Man Wins Court Case for Offending Muslims by Holding Out Hands on Temple Mount

TEL AVIV - An Israeli court on Monday ruled that Jewish visitors to Jerusalem's Temple Mount compound may chant "Am Yisrael Chai" ("The people of Israel live"), since it constitutes a patriotic exclamation rather than a religious prayer and is therefore not in violation of the ban on uttering Jewish prayers …
AP/Mahmoud Illean

TEL AVIV – A man has won a court case after refusing a police order on the Temple Mount to drop his hands, a gesture which could be perceived as praying and therefore offensive to Muslims, the Jewish Press reported.

Yehudah Etzion visited the Temple Mount on a Jewish fast day last week, but was told by police to leave the premises and barred for a further two weeks for holding out his hands.

Police told Etzion that his outstretched arms were a threat to public safety. In accordance with Muslim demands, the Israeli government prohibits Jewish prayer on the Temple Mount.

The case ended up in court with the verdict being that since there are no specific definitions as to what constitutes prayer, Jews should be allowed to hold out their hands while visiting the Temple Mount.

In his ruling at the Jerusalem District court on Monday, Judge Ram Winograd cited the book of Isaiah and the Talmud.

“Under the circumstances there should be no discussion of whether holding one’s palms upwards is an act of worship, it is sufficient to note that the police did not prohibit this action until now,” said Winograd.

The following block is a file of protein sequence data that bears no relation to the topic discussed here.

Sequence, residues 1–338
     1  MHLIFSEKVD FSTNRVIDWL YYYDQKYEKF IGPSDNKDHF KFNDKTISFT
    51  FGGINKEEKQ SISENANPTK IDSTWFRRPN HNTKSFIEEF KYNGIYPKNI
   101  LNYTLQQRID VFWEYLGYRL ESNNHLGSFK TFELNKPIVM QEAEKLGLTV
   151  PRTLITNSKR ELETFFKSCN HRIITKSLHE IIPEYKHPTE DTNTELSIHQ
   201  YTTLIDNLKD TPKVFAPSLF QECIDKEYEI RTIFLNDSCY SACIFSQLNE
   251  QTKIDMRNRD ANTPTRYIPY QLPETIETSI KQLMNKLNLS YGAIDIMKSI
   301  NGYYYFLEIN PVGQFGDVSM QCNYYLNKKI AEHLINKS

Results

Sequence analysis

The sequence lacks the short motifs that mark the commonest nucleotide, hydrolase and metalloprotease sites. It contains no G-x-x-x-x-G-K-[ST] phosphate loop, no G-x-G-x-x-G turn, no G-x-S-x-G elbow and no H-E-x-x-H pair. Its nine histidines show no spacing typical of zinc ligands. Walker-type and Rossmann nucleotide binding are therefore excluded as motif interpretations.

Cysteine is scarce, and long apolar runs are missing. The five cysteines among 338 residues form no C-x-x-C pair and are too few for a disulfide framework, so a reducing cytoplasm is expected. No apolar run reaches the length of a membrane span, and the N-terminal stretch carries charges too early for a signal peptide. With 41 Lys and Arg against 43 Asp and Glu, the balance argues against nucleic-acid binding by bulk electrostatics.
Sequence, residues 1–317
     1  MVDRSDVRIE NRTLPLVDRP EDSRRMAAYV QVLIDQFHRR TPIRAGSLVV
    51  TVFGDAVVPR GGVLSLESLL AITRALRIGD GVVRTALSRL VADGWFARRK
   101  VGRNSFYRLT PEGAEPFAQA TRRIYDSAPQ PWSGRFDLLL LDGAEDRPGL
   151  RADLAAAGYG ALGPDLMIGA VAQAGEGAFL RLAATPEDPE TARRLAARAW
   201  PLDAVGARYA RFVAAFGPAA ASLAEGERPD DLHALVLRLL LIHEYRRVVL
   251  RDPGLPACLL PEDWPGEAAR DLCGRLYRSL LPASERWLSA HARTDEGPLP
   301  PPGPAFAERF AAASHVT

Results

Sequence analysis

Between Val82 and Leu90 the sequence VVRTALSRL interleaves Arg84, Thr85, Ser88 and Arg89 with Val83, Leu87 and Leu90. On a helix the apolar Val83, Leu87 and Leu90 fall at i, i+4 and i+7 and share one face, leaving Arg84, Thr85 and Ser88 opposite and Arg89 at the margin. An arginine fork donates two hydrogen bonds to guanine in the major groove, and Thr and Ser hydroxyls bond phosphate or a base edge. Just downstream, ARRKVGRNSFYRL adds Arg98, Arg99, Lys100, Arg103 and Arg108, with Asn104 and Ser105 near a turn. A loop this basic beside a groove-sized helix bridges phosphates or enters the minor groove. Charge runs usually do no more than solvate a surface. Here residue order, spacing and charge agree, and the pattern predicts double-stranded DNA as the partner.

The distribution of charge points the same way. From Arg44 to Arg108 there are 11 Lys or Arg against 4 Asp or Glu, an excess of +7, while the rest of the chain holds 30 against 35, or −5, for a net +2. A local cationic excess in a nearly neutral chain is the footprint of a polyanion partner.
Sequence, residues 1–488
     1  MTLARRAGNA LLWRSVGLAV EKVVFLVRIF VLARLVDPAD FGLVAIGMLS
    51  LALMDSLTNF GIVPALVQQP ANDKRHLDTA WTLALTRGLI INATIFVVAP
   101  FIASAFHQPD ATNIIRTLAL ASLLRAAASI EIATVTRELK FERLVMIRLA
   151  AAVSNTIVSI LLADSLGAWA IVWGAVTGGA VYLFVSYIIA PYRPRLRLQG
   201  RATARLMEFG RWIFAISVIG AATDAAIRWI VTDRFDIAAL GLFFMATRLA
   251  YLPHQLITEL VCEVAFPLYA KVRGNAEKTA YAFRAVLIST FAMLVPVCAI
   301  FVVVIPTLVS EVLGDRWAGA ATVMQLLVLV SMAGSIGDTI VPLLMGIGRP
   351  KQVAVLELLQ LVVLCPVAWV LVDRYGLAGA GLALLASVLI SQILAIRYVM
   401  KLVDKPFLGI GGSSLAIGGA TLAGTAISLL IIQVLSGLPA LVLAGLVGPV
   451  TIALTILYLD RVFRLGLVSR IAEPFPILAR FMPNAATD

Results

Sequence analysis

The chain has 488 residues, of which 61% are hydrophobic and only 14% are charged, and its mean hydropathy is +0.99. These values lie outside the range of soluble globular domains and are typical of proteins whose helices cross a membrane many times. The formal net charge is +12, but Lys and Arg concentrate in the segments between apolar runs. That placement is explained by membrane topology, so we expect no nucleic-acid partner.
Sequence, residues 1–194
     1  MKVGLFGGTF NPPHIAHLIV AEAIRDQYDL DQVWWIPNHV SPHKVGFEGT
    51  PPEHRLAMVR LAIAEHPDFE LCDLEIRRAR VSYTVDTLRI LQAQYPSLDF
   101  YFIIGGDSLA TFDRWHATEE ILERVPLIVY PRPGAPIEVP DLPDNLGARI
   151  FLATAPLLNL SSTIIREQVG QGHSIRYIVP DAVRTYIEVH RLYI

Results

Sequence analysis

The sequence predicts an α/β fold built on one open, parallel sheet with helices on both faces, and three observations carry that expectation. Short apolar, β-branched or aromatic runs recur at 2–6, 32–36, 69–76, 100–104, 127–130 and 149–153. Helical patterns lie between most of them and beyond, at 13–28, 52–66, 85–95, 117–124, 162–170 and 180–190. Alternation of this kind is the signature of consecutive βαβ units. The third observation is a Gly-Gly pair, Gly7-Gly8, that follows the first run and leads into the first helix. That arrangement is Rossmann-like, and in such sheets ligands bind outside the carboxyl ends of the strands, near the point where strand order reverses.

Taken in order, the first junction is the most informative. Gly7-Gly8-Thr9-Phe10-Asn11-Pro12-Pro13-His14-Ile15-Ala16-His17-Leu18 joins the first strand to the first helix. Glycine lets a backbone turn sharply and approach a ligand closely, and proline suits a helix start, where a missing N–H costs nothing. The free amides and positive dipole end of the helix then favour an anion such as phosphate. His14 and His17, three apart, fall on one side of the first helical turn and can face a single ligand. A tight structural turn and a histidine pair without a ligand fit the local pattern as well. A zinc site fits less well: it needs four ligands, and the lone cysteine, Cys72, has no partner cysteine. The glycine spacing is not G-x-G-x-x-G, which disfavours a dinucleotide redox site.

“I will note that taking this path, perhaps in the spirit of the verse in Isaiah Chapter 1, would warrant prohibiting lifting one’s eyes up to the sky, based on what is written in the Mishnah [a section of the Talmud]. Perhaps it is necessary to ban head coverings on the Temple Mount since pursuant to the Talmud this is a dress that proves the fear of Heaven.”

Police Superintendent Ian Granot argued, “The Temple Mount is an explosive site. We are in the midst of a terror wave that was sparked by this site. The Israel Police managed to remove the Temple Mount from the current terror wave.”

Despite the Jordanian-Israeli peace treaty that includes an article stating that all parties can practice freedom of religion, Israel nevertheless agreed to prevent Jewish worship at the holy site.

Former Israeli Prime Minister Ariel Sharon’s visit to the Temple Mount in 2000 was said to be the catalyst of the Second Intifada.

There have been multiple instances of police forcibly removing Jewish visitors from the site after they were caught prostrating themselves or moving their lips – in some cases amid protests that they were shivering from cold.


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